The Unification Church of Japan under the fire of donations and “spiritual sales”

August 24, 2022

TOKYO – Following the fatal shooting of former Prime Minister Shinzo Abe, the Unification Church has been criticized for the large donations it receives from its supporters and the so-called spiritual sales tactics, which consist to induce people to buy goods by claiming that they bring supernatural benefits.

Officially called the Family Federation for World Peace and Unification, the group says it has fully complied with laws and regulations since 2009, when it issued a compliance statement.

However, a network of lawyers that helps those affected by the religious group said it was still receiving inquiries from former followers and that problems with spiritual sales and large donations continued.

Declaration of conformity
On August 10, Tomihiro Tanaka, the group’s Japanese branch president, held his second press conference since the shooting. Tanaka read a prepared text for about 40 minutes, emphasizing the legitimacy of the group’s activities.

Sales of jars, seals, and other Unification Church items at extremely high prices have been a problem since the 1980s.

After the arrest of a follower in 2009 who was the president of a company that sold seals, the Unification Church issued a statement of compliance and the president of the Japanese branch at the time resigned.

Tanaka described 2009 as a turning point for the Unification Church, pointing out that the group instructed its followers not to engage in any socially problematic activity.

He denied the band’s involvement in spiritual sales “past and present”.

The National Network of Lawyers Against Spiritual Sales has refuted these claims.

According to the network, the number of consultations regarding damages caused by spiritual sales and large gifts handled by the network and consumer offices nationwide totaled 34,537 from 1987 to 2021, with requests damages totaling approximately 123.7 billion yen.

The number dwindled after the compliance statement was issued in 2009, but there were still 2,875 consultations from 2010 to 2021, with claims for damages totaling around 13.8 billion yen.

Before the fatal shooting, there were a few consultations per month, but the figure rose to more than 100 cases after the shooting.

The network of lawyers says the group has adopted sophisticated tactics to limit the risk of claims for damages.

Refunds requested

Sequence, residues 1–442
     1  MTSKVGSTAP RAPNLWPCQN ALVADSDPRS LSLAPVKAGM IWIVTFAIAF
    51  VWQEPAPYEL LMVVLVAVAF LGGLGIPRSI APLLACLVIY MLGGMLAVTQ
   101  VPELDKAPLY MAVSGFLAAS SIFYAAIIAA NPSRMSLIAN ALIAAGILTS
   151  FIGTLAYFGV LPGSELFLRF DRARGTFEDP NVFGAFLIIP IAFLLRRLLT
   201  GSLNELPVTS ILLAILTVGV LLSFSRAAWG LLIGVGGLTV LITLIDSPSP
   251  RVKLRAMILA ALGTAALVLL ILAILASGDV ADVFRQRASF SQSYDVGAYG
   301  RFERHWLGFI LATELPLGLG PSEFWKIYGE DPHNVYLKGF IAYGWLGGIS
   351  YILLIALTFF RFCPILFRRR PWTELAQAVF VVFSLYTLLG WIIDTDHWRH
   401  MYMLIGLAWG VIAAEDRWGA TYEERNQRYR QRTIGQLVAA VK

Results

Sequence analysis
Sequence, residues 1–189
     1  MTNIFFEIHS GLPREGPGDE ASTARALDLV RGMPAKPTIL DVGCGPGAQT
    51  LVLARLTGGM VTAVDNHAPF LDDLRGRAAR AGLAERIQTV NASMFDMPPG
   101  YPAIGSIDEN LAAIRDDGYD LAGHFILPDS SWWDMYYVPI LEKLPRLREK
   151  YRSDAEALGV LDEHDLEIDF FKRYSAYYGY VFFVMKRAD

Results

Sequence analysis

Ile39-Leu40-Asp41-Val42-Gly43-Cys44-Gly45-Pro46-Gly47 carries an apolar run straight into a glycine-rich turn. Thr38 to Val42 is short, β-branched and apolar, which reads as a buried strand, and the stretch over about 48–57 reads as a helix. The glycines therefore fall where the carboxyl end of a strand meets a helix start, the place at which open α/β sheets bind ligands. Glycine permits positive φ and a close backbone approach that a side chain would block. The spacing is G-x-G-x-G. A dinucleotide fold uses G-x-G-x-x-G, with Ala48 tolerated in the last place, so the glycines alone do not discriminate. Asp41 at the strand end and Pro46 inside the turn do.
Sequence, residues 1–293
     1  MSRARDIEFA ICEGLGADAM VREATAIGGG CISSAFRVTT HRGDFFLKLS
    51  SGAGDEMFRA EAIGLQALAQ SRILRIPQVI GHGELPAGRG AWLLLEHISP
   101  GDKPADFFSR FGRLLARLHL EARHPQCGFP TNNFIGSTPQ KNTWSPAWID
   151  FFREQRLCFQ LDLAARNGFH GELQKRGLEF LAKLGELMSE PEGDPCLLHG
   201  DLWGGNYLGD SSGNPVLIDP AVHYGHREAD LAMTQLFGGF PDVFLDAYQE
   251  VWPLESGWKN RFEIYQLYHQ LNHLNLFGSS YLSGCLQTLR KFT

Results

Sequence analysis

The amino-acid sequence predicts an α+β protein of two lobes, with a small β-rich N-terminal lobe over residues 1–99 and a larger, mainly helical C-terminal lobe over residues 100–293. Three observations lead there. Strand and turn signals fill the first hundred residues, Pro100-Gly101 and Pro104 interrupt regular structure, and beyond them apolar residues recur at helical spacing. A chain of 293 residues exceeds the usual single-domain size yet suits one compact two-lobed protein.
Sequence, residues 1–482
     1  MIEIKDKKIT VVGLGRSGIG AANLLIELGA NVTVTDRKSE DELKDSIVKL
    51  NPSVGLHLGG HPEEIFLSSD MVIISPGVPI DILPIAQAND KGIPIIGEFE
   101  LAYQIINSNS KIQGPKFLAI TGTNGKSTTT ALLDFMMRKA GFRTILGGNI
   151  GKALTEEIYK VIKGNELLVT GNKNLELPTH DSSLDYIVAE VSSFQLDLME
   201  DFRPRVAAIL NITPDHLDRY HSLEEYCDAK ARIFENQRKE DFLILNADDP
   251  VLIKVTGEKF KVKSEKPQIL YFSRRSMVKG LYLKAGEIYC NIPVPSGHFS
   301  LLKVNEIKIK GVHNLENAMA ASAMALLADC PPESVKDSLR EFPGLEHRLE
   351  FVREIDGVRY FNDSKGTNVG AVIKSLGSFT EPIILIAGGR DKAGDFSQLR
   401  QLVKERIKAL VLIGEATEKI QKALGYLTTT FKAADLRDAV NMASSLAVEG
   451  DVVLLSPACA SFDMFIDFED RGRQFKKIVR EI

A woman in her 60s in eastern Japan who had lost her husband and children became a follower of the group in 2013 after meeting a believer who claimed ancestral ties were the cause of her problems.

The woman donated more than 6 million yen, raising part of the funds by liquidating her life insurance. But she was upset that she was forced to buy scriptures and demanded a refund of around 2 million yen in 2015.

At the time, he was asked to sign an agreement confirming that “there are no further debts and credits.” The wife did and the refund was issued.

The woman then left the group and consulted the network of lawyers. In April 2017, the woman filed a lawsuit in the Tokyo District Court seeking reimbursement for the donations, excluding the writing fees.

During the lawsuit, the group argued that it had no obligation to issue a refund based on the prior agreement. But in February 2020, the court ruled that the agreement was invalid because it waived his right to make a claim without explanation and violated public order and standards of decency.

The decision, which ordered the group to refund almost all of the money requested by the woman, has been finalized.

The lawyer network said the use of such agreements increased after the 2009 declaration of compliance. In addition to the agreements, there have been instances in which the group recorded video footage of followers promising not to not ask for a refund.

“It’s obvious that the group aims to make it difficult to claim the refund,” network member attorney Daisuke Sasaki said. “There has been no change in the way the organization seeks donations by stoking people’s anxiety.”

A spokesperson for the group told the Yomiuri Shimbun: “We had such agreements even before the 2009 declaration of compliance. They are used as records to prevent problems from arising.

Yamagami, mother signed an agreement
Abe’s alleged gunman’s mother, Tetsuya Yamagami, 41, had made such a deal with the group. According to their relatives, Yamagami’s 69-year-old mother donated a total of around 100 million yen after raising funds through means such as the sale of the family home. She filed for bankruptcy in 2002.

Relatives negotiated with the group and a reimbursement process began in 2005. The agreement was concluded in May 2009, approximately two months after the group issued its declaration of compliance.

The agreement stipulated that in October 2014, a total of 50 million yen would be returned to the Yamagami family, including 17.6 million yen that had already been repaid.

The mother and son had both signed the agreement, which also stated: “Both parties confirm that there are no other debts or credits between the two parties”.

Jerry B. Hatch